What We Are Reading

countCount Zero  by William Gibson

This novel picks up 8 years in the future from the setting of Gibson’s landmark novel Neuromancer. The master of cyberpunk still paints a vivid info-driven world and much of the tech described jives well with what we can predict about the future of the Internet despite this novel being written in 1985. 

-Greg,  North


watchmenWatchmen by Alan Moore   

I’m reading this because the movie is coming out soon, and my wife said it was the best book ever and I had to read it.  I’m only on Chapter 2, and I’m almost hooked. 

-Kayci, Fowler


mereMere Anarchy by Woody Allen

I am half-way through this collection of humorous short stories. Like his movies, Mr. Allen’s writing is chocked full of subtle wit, lightly dusted with hilarity and the absurd. If you’re familiar with Woody Allen, you’ll appreciate “Mere Anarchy.” If you’ve never sampled his work, indulge yourself with this title, or one of his other creations available in the library.

Doug, North

stalkingStalking Susan by Julie Kramer

This quickly paced, quirky debut mystery takes you behind the scenes in the life of an investigative television reporter looking into the cold case of multiple murders of women named Susan. Another solid mystery that takes place in Minneapolis, following in the steps of PJ Tracy and John Sandford.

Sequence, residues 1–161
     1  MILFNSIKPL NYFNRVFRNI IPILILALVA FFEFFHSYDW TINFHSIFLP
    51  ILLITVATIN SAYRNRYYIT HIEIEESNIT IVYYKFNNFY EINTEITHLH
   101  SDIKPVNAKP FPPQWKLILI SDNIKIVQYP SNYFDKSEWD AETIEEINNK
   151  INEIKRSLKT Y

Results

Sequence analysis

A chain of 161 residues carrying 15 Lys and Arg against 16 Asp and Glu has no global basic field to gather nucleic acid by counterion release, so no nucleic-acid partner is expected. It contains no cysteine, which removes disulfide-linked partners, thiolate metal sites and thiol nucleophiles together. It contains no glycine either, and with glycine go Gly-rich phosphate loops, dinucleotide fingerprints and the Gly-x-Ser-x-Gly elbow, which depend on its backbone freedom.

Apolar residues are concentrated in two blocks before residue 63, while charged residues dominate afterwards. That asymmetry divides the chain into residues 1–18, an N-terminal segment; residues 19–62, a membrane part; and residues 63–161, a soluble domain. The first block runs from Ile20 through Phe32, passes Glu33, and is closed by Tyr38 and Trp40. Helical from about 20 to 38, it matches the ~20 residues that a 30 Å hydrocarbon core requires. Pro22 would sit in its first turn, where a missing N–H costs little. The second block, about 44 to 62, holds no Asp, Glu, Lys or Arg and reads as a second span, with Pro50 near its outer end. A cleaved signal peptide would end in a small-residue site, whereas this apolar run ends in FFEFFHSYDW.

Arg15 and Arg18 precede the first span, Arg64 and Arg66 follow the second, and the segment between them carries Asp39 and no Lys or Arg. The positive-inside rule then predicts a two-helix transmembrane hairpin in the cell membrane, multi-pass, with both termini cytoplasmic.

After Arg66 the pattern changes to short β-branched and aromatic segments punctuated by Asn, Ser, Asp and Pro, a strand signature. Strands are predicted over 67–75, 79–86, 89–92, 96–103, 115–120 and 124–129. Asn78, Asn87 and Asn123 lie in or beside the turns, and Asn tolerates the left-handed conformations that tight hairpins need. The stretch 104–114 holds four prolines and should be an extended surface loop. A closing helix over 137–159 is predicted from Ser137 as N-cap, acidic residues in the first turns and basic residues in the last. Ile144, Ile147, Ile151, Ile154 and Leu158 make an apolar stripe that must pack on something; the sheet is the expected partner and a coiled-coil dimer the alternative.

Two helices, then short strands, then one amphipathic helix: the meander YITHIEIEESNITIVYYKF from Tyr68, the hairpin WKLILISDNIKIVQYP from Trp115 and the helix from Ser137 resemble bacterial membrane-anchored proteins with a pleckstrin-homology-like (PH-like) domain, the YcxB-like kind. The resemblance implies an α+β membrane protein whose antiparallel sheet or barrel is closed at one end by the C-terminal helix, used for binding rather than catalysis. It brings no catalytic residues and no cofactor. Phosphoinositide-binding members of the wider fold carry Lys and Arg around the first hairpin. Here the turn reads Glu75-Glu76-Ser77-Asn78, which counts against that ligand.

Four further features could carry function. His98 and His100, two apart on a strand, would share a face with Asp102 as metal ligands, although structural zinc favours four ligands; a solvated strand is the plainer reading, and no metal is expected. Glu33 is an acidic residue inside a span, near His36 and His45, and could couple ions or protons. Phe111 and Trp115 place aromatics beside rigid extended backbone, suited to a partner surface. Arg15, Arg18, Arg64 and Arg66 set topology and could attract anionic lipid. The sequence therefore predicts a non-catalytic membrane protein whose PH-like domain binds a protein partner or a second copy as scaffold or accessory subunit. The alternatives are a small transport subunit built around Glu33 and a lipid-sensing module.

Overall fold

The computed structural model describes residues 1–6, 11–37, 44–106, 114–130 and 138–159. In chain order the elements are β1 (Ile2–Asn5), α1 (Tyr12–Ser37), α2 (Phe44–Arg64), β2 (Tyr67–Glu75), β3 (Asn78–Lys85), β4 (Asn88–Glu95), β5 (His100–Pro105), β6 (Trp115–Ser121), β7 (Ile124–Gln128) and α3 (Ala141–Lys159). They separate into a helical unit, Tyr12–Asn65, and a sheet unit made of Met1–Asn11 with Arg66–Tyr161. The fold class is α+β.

-Kimberly, South


shadow1Shadow Game by Christine Feehan

If you like action-packed, steamy paranormal romance, check out Christine Feehan’s Ghostwalker series.  The Ghostwalkers are men and women whose physical and psychic abilities were enhanced in a classified military experiment that has gone wrong.  Betrayed by their government and the scientist who started it all, they seek out other Ghostwalkers and try to find a way to live with their unusual abilities.  Shadow Game is the first book in the series.

                -Stacey, Fowler


dororoDororo by Osamu Tezuka

 Hyakkimaru, a ronin, and Dororo, a boy-thief, travel through Japanese country side as Hyakkimaru fights demons to regain the 48 body parts that his father sacrificed to 48 demons.  Far superior to most of the shonen manga out there today, this 1960s manga tells a painful story in a delightful way and makes a great premise for a video game.

-Dana, North



Leave a Reply

Fill in your details below or click an icon to log in:

WordPress.com Logo

You are commenting using your WordPress.com account. Log Out / Change )

Twitter picture

You are commenting using your Twitter account. Log Out / Change )

Facebook photo

You are commenting using your Facebook account. Log Out / Change )

Google+ photo

You are commenting using your Google+ account. Log Out / Change )

Connecting to %s